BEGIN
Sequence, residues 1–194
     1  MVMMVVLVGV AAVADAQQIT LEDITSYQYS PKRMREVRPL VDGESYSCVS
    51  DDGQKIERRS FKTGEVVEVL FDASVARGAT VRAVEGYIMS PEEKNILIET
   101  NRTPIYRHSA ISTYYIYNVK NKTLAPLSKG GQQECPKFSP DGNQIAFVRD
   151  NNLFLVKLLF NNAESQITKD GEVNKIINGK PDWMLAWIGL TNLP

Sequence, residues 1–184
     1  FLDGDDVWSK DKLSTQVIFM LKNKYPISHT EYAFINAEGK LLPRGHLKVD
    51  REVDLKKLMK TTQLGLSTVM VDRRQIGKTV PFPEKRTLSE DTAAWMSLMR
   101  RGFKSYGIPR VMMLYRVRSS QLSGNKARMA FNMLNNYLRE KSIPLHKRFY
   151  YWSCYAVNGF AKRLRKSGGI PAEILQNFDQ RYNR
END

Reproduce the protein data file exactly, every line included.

Sequence, residues 1–194
     1  MVMMVVLVGV AAVADAQQIT LEDITSYQYS PKRMREVRPL VDGESYSCVS
    51  DDGQKIERRS FKTGEVVEVL FDASVARGAT VRAVEGYIMS PEEKNILIET
   101  NRTPIYRHSA ISTYYIYNVK NKTLAPLSKG GQQECPKFSP DGNQIAFVRD
   151  NNLFLVKLLF NNAESQITKD GEVNKIINGK PDWMLAWIGL TNLP

Sequence, residues 1–184
     1  FLDGDDVWSK DKLSTQVIFM LKNKYPISHT EYAFINAEGK LLPRGHLKVD
    51  REVDLKKLMK TTQLGLSTVM VDRRQIGKTV PFPEKRTLSE DTAAWMSLMR
   101  RGFKSYGIPR VMMLYRVRSS QLSGNKARMA FNMLNNYLRE KSIPLHKRFY
   151  YWSCYAVNGF AKRLRKSGGI PAEILQNFDQ RYNR